Well, it’s been another week, enjoying the cool mornings. Until we meet again, a complaint is just a wish in disguise.  


“If you keep your head when all about you are losing theirs, it’s just possible you haven’t grasped the situation.” Jean Kerr, writer

Aging Well in the Gorge September 19th 2017

This last week has felt like too many long nights in a smoky bar that you just want to forget. Each morning I would wake up and wonder, “Will I be able to see the Klickitats today?” (And who would have thought the air quality would be so bad it would close school.) But after these weeks of smoky air, I am at least better informed and prepared.

For instance, I now know the type of mask to purchase (N95 respirator mask) and that it needs to fit properly to be effective. (Breathing through the mask requires greater effort and may feel uncomfortable. But if you find it easy to breathe with the mask on, you are probably breathing the unfiltered air entering around the edges of the mask.)  I now know I can go to the website www.aqicn.org to find the latest air quality index for The Dalles (or any other major city in the world) to confirm that the air quality is as bad as I think it is. And I now know that the North Central Public Health District can lend portable air purifiers which were recently set up at the Center.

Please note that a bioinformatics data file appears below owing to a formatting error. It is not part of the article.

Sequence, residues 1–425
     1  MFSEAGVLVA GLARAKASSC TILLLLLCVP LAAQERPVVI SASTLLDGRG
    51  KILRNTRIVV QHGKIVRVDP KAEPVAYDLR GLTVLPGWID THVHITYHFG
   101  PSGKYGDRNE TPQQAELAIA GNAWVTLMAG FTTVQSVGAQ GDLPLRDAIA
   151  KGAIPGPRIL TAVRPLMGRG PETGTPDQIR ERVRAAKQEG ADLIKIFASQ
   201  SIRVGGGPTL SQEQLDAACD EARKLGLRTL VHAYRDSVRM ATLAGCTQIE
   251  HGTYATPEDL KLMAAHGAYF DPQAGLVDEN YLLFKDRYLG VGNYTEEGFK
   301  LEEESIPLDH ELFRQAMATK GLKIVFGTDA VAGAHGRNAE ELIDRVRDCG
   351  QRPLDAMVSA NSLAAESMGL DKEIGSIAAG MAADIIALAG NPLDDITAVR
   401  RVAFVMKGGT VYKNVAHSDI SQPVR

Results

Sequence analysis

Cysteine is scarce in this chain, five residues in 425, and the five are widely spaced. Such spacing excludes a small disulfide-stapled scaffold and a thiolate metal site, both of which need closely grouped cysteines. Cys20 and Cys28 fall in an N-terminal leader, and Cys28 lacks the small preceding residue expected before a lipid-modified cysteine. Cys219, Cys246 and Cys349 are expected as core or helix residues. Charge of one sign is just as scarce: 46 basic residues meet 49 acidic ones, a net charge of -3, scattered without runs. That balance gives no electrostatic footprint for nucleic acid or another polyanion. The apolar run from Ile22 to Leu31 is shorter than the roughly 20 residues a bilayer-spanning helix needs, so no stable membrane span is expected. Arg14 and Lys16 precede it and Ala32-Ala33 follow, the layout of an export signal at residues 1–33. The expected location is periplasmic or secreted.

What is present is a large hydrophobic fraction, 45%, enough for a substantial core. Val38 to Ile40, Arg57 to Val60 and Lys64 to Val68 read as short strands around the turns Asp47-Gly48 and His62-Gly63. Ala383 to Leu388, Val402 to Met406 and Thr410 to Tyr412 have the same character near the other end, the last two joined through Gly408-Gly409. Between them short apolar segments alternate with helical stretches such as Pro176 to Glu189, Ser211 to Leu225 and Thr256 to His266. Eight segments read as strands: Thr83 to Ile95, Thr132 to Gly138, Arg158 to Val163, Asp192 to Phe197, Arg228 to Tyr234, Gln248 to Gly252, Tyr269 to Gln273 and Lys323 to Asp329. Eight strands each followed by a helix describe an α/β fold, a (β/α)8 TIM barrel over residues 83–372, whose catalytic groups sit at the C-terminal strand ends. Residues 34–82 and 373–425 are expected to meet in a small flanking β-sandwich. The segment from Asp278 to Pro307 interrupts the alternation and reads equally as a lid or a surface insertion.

But enough of these lessons learned. Hopefully this week’s anticipated rain will end this year’s fire season and cleanse the air of the unhealthy smoke that has lingered around too long. And we can put on our sweaters and coats and enjoy a sunny autumn before winter comes.  

I’ve been hearing that Pickleball (which combines elements of tennis, badminton and table tennis) is the rage in town - as well as across the country. Tim McGlothlin has been promoting the sport - and paid the price when he forgot he wasn’t the young man he once was. But a little encounter with the bleachers hasn’t stopped him from leading several CGCC Community Education Pickleball classes at the Readiness Center starting September 28th and continuing for 12 weeks. The beginning Pickleball class is from 5:00 – 7:00 on Thursday nights. And on the same nights there are also two sessions of Competitive Pickleball for intermediate and advanced players: 3:00 – 5:00 or 7:00 – 9:00. The total cost is $44 for either class. You can find more information on page 24 in the CGCC Fall Class Schedule that you received in the mail. You can register online or call CGCC at 541-506-6011.